Howard on thinking over this conversation was somewhat bewildered as to what exactly was in his aunt’s mind. He did not think that she understood his feeling for Maud, and he was sure that she did not realise what Maud’s feelings about Freddy Guthrie were. He came to the conclusion eventually that Maud had told her about the beginnings of their friendship; that his aunt supposed that he had tried to win Maud’s confidence, as he would have made friends with one of his young men; and that she imagined that he had found that Maud’s feeling for him had developed in rather too confidential a line, as for a father-confessor. He thought that Mrs. Graves had seen that Maud had been disposed to adopt him as a kind of ethical director, and had thought that he had been bored at finding a girl’s friendship so much more exacting than the friendship of a young man; and that she had been exhorting him to be more brotherly and simple in his relations with Maud, and to help her to the best of his ability. He imagined that Maud had told Mrs. Graves that he had been advising her, and that she had perhaps since told her of his chilly reception of her later confidences. That was the situation he had created; and he felt with what utter clumsiness he had handled it. His aunt, no doubt, thought that he had been disturbed at finding how much more emotional a girl’s dependence upon an older man was than he had expected. But he felt that when he could tell her the whole story, she would see that he could not have acted otherwise. He had been so thrown off his balance by finding how deeply he cared for Maud, that he had been simply unable to respond to her advances. He ought to have had more control of himself. Mrs. Graves had not suspected that he could have grown to care for a girl, almost young enough to be his daughter, in so passionate a way. He wished he could have explained the whole to her, but he was too deeply wounded in mind to confess to his aunt how impulsive he had been. He had now no doubt that there was an understanding between Maud and Guthrie. Everyone else seemed to think so; and when once the affair was happily launched, he would enjoy a mournful triumph, he thought, by explaining to Mrs. Graves how considerately he had behaved, and how painful a dilemma Maud would have been placed in if he had declared his passion. Maud would have blamed herself; she might easily, with her anxious sense of responsibility, have persuaded herself into accepting him as a lover; and then a life-long penance might have begun for her. He had, at what a cost, saved Maud from the chance of such a mistake. It was a sad tangle; but when Maud was happily married, he would perhaps be able to explain to her why he had behaved as he had done;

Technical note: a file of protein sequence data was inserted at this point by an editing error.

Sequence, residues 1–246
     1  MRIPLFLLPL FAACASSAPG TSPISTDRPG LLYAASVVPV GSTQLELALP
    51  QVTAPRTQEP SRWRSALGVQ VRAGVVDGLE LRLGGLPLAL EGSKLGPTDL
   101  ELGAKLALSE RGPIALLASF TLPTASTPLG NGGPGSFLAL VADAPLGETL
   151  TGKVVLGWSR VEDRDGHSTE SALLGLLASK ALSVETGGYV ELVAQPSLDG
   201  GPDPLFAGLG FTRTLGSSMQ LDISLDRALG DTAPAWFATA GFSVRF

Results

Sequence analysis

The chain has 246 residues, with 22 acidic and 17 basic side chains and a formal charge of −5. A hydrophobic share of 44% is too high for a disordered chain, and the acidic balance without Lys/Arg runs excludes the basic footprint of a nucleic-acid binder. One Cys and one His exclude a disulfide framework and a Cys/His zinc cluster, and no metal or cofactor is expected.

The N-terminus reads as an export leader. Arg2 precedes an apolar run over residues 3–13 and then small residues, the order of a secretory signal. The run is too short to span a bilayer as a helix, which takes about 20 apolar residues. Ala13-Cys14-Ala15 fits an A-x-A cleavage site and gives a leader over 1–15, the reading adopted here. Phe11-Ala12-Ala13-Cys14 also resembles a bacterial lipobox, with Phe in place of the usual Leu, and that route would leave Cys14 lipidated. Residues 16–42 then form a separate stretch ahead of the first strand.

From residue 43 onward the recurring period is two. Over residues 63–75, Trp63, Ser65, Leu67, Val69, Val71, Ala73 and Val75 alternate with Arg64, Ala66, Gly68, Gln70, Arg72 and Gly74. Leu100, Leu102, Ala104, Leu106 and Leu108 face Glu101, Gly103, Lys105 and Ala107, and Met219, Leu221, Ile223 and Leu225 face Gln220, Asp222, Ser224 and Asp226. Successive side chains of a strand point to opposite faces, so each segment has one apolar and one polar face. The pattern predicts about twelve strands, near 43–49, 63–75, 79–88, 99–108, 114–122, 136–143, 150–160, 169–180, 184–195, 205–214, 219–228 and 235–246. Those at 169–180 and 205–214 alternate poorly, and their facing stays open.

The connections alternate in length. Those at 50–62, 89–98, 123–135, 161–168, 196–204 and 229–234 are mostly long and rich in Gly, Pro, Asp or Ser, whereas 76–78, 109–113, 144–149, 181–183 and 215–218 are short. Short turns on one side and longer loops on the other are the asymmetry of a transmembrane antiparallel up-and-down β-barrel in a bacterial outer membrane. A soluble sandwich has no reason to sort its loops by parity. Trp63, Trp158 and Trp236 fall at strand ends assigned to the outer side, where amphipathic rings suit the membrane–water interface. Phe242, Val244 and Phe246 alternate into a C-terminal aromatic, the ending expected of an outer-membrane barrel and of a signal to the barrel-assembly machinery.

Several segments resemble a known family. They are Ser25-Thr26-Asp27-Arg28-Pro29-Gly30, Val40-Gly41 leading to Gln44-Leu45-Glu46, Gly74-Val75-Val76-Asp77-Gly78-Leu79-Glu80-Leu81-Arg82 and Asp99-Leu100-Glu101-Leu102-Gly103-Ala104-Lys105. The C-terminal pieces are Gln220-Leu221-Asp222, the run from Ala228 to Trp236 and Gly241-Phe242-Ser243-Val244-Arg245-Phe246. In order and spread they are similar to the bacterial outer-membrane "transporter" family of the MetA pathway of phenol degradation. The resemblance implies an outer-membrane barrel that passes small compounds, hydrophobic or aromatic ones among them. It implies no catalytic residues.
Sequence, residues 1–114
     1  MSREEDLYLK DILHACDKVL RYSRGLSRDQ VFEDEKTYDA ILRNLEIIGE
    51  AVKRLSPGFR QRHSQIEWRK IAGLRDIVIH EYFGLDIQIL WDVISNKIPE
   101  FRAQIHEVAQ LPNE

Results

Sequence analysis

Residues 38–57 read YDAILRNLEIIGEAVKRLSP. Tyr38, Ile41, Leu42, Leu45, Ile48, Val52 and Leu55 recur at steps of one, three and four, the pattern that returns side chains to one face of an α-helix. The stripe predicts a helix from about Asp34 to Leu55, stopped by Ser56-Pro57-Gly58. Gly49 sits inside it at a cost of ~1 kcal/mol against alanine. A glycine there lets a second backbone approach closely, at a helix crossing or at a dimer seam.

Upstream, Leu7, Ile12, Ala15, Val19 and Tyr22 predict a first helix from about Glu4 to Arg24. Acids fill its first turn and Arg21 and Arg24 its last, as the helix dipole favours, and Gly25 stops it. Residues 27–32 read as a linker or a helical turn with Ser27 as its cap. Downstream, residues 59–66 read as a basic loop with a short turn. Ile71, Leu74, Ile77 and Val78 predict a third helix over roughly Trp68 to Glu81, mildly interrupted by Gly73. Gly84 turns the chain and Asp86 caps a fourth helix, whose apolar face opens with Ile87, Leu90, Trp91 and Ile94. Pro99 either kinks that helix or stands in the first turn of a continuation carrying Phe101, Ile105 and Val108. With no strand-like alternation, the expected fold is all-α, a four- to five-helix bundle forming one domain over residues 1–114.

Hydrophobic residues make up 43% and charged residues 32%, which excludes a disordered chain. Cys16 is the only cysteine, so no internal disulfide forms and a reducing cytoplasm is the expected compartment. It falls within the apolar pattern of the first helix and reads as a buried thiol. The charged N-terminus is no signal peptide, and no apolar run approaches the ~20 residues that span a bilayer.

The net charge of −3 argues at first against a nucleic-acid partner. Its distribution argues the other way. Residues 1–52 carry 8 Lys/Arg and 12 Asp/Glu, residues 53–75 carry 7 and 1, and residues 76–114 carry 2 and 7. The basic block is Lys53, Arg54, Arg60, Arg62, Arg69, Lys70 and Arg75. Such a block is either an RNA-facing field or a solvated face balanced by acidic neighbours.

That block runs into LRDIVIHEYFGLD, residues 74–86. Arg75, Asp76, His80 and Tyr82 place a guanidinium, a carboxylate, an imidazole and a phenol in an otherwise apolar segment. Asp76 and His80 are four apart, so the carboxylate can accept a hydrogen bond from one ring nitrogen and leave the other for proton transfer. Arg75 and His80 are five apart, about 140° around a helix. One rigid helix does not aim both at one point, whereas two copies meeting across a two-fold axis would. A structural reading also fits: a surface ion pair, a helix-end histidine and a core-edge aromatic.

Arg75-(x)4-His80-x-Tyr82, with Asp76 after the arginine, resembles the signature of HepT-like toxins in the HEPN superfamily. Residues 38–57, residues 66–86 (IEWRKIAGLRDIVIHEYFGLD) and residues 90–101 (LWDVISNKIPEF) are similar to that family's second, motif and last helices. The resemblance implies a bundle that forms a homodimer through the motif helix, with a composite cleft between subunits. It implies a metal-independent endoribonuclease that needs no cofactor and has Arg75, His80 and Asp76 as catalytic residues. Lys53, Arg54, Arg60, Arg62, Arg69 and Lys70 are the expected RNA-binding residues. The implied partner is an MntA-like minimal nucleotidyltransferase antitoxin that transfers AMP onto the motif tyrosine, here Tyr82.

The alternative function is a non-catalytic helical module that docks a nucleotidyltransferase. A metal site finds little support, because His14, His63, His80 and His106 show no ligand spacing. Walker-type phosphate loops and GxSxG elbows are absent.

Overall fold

But what brought matters to a head was a scene that he saw on the following day. He was in the library in the morning; he tried to work, but he could not command his attention. At last he rose and went to the little oriel, which commanded a view of the village green. Just as he did so, he caught sight of two figures—Maud and Guthrie—walking together on the road which led from the Vicarage. They were talking in the plainest intimacy. Guthrie seemed to be arguing some point with laughing insistence, and Maud to be listening in amused delight. Presently they came to a stop, and he could see Maud hold up a finger. Guthrie at once desisted. At this moment a kitten scampered across the green to them sideways, its tail up. Guthrie caught it up, and as he held it in his arms. Howard saw Maud bend over it and caress it. The scene brought an instant conviction to his mind; but presently Maud said a word to her companion, and then came across the green to the Manor, passing in at the gate just underneath him. Howard stood back that he might not be observed. He saw Maud come in under the gateway, half smiling to herself as at something that had happened. As she did so, she waved her hand to Guthrie, who stood holding the kitten in his arms and looking after her. When she disappeared, he put the kitten down, and then walked back towards the Vicarage.
Howard spent the rest of the morning in very bitter cogitation; after luncheon, during which he could hardly force himself to speak, he excused himself on the plea of wanting exercise.